Over 100 Olympians are represented by the ISL, including 41 Olympic gold medals from the 2016 Olympic Games.

The development of the International Swimming League brings a lot of new aspects to the sport. Never before has there been a professional league that implements team scoring, prize money, and a fast-paced format quite like this in swimming.

But for Tom Shields, this is a manifestation of something he’s been thinking about for quite some time.

“I sat down with Brett Hawke and Jack Roach (both coaches on the LA Current, Shields’ ISL club) at WUGs (World University Games) in 2011 after the meet had ended and came up with a ‘pipe dream league’,” Shields said in an interview. “International Games are cool, but I was interested to see if we could come up with a made-for-TV event, just for fun, that would attract more eyes more consistently.”

This fantasy league that Shields came up with ended up looking almost exactly the same as what the ISL would eventually become eight years later.

“We landed on a dual meet format, short course, 12-man teams, tight turnaround times, etc.,” he said. “Without any of our involvement, the ISL uniquely discovered the same idea and pursued it. I got involved in the late stages, and am not looking back.”

“I view this as the summation of my life’s work, and am unbelievably stoked to see so many people hop on board. I have been on this soap box for years, and I would be a fool to not put my money where my mouth is.”

And so far Shields has done just that. In his league debut this past weekend in Lewisville, the 28-year-old was one of the top performers, winning the men’s 100 butterfly and placing second in both the 50 and 200 fly. He also had a pair of quick legs on LA Current’s freestyle relays, and ended up leading the club with 35 points. 

While his swims may have turned some heads, they were not a surprise to the man who has six individual NCAA titles and six individual Short Course (SC) World Championship medals to his name.

“To be honest – hopefully without sounding too arrogant – yes,” said Shields when asked if he expected to swim as fast he did. “I have been 46-mid on relays in the past, namely SC Worlds (in) ‘16. I wasn’t in too good (of) shape then, so I figured I could be similar here, as we at my home club have been training really well. In the fly (events) I have been pretty comfortably breaking or being around 22.5/50/1:50 (50/100/200) for a few years, and usually just have to find the right amount of energy to make those happen.”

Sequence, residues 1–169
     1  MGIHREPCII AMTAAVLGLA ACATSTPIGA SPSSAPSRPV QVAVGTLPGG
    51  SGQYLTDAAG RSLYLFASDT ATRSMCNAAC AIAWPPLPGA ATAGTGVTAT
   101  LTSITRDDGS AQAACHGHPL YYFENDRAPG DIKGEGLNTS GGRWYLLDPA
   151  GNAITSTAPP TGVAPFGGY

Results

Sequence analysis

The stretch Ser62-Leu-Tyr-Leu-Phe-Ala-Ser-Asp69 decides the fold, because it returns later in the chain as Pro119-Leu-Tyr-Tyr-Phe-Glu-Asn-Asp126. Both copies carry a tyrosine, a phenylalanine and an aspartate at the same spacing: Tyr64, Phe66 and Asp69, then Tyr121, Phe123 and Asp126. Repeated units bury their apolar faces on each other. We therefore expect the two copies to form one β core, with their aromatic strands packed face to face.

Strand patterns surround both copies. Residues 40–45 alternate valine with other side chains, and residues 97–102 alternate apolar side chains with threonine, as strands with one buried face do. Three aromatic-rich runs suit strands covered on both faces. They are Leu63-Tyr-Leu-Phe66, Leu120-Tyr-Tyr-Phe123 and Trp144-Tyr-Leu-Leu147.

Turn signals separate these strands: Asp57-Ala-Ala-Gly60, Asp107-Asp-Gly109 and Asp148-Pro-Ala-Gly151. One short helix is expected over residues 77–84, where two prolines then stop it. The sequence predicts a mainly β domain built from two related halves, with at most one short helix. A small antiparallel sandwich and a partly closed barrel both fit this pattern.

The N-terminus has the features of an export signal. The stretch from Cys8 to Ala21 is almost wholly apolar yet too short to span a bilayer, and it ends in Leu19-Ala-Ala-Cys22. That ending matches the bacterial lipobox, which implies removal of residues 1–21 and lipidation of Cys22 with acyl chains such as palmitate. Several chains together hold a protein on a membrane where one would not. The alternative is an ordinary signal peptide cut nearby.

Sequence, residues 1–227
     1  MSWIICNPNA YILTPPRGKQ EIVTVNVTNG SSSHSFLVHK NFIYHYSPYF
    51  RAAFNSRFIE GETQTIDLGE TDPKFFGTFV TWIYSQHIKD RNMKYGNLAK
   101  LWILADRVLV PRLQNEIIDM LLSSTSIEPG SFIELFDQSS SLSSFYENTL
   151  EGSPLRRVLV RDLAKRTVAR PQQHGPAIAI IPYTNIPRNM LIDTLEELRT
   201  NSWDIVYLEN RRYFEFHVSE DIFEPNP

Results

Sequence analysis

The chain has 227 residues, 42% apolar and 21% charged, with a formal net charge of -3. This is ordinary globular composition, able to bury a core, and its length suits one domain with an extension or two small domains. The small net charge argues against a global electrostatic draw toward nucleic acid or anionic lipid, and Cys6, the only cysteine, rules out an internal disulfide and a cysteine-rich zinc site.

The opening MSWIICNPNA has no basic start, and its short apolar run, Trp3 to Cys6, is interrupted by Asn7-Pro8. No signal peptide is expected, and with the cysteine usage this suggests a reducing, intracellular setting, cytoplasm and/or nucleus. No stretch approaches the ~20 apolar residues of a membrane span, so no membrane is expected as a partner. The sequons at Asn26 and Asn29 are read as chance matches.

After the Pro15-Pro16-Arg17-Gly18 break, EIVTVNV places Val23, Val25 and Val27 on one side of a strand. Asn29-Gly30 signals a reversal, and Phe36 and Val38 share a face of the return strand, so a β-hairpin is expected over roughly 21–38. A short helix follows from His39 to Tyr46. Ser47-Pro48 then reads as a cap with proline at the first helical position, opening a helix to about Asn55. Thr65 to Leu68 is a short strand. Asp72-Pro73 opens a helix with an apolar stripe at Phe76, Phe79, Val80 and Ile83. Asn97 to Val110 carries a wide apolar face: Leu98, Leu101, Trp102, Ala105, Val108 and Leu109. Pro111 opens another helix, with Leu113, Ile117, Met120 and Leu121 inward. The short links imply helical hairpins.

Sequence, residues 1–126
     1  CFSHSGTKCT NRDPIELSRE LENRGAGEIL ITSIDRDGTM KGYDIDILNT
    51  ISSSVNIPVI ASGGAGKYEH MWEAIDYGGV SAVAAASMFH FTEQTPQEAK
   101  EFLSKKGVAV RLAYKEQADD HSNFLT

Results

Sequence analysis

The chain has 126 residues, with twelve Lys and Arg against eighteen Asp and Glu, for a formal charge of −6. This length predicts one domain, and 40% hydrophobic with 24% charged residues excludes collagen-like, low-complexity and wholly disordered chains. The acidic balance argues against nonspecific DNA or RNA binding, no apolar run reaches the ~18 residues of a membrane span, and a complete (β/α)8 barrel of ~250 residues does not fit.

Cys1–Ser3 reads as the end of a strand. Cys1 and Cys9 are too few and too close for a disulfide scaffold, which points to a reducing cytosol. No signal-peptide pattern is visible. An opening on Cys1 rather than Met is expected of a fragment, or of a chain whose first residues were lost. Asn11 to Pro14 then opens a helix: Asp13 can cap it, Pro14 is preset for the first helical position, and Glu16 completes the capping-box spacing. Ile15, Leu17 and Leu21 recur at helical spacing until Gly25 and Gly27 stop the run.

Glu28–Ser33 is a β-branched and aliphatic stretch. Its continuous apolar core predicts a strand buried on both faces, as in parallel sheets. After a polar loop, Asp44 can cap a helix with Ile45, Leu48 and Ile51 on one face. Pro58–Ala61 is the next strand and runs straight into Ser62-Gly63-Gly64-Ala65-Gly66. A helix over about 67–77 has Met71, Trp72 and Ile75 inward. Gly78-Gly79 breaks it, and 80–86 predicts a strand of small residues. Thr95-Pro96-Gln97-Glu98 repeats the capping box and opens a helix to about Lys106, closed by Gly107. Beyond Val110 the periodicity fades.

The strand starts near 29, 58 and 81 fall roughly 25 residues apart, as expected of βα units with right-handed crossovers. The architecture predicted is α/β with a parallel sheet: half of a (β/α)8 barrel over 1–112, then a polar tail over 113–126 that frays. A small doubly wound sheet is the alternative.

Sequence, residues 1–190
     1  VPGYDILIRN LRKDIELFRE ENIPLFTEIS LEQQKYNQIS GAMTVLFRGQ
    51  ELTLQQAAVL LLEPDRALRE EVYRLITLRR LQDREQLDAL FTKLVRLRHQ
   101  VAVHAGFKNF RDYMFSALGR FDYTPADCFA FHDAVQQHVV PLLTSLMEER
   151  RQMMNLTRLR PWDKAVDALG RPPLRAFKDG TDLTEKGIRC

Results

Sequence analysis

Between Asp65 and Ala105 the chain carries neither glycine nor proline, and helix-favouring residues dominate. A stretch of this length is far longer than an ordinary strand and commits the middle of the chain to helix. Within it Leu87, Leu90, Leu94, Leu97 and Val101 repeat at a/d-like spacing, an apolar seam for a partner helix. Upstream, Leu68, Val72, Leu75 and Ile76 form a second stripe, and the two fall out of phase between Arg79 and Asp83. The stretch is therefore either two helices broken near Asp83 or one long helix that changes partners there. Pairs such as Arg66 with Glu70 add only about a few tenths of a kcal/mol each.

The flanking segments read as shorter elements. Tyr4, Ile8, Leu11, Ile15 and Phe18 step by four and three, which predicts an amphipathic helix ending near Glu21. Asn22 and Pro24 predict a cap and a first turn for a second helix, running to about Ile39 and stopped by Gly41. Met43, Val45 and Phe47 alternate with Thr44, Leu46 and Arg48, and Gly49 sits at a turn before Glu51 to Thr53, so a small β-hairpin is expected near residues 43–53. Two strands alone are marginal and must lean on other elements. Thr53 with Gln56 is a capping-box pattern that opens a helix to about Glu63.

He was right on his target time in the 50, and was faster in the 100, but was about two seconds off in the 200. Now with one match of ISL experience under his belt, Shields knows what changes to make leading into Budapest.

“I was obviously way off in the 200 fly, and think I could have been closer had I pushed my underwaters better toward the end of the race, but alas, I was too tentative,” he said. “It was at the end of a triple (three races in a row) in (a span of) 20 minutes, so I didn’t know quite how much energy I would have left to spare. We will see next weekend, as I hope I don’t weenie out again,” he joked.

The 2016 Olympic gold medalist had the opportunity to race against Kristof Milak in Lewisville, the 19-year-old Hungarian who has quickly asserted himself as one of the best butterfly swimmers in the world after breaking Michael Phelps’ 200 world record this past summer. Shields looks forward to potentially having himself and Milak, along with Chad Le Clos and Caeleb Dressel (who raced the first two matches), all clash later on in the season.

“I would love to get all of us together! I feel quite elite – short course at least – and think it would be great. It was great to meet Kristof, who is a very charismatic and easy going kid. I of course love Chad and Caeleb and look forward to the season progressing.”

But for now, his focus on Budapest this weekend.

“First things first: rematches with not only Kristof, but (Szebastian) Szabo (winner of the 50 fly in Lewisville) and the other 5-6 guys in those fly (events) next week.”

About the ISL: The International Swimming League is a global professional swimming competition launching in 2019 with teams in both Europe (Italy-based Aqua Centurions, France-based Energy Standard, Hungary-based Iron, and London Roar) and the United States (Cali Condors, DC Trident, LA Current, NY Breakers). The inaugural season will include matches in Indianapolis IN, Naples ITA, Lewisville TX, Budapest HUN, College Park MD, London GBR, and the championship finale at the 12,000-seat Mandalay Bay Events Center in Las Vegas, NV. The ISL aims to create groundbreaking projects, in both form and content, exploring the full potential of competitive swimming while securing sustainable commercial growth in the sport.

Key Dates:

5-6 October 2019 – IU Natatorium, Indianapolis, USA

12-13 October 2019 – Aquatic Swimming Complex, Naples, Italy

19-20 October 2019 – The LISD Westside Aquatic Center, Lewisville, Texas, USA

26-27 October 2019 – Duna Area, Budapest, Hungary

16-17 November 2019 – Natatorium at the Eppley Recreation Center, Maryland, USA

23-24 November 2019 – London Aquatic Centre, Great Britain

20-21 December 2019 – Mandalay Bay Resort and Casino, Las Vegas, USA

ISL SOCIAL: Keep up with all the latest ISL news by following @iswimleague on Instagram and Twitter and @internationalswimmingleague on Facebook. Visit

Media Contact: James Mulligan ([email protected])  

International Swimming League Ltd

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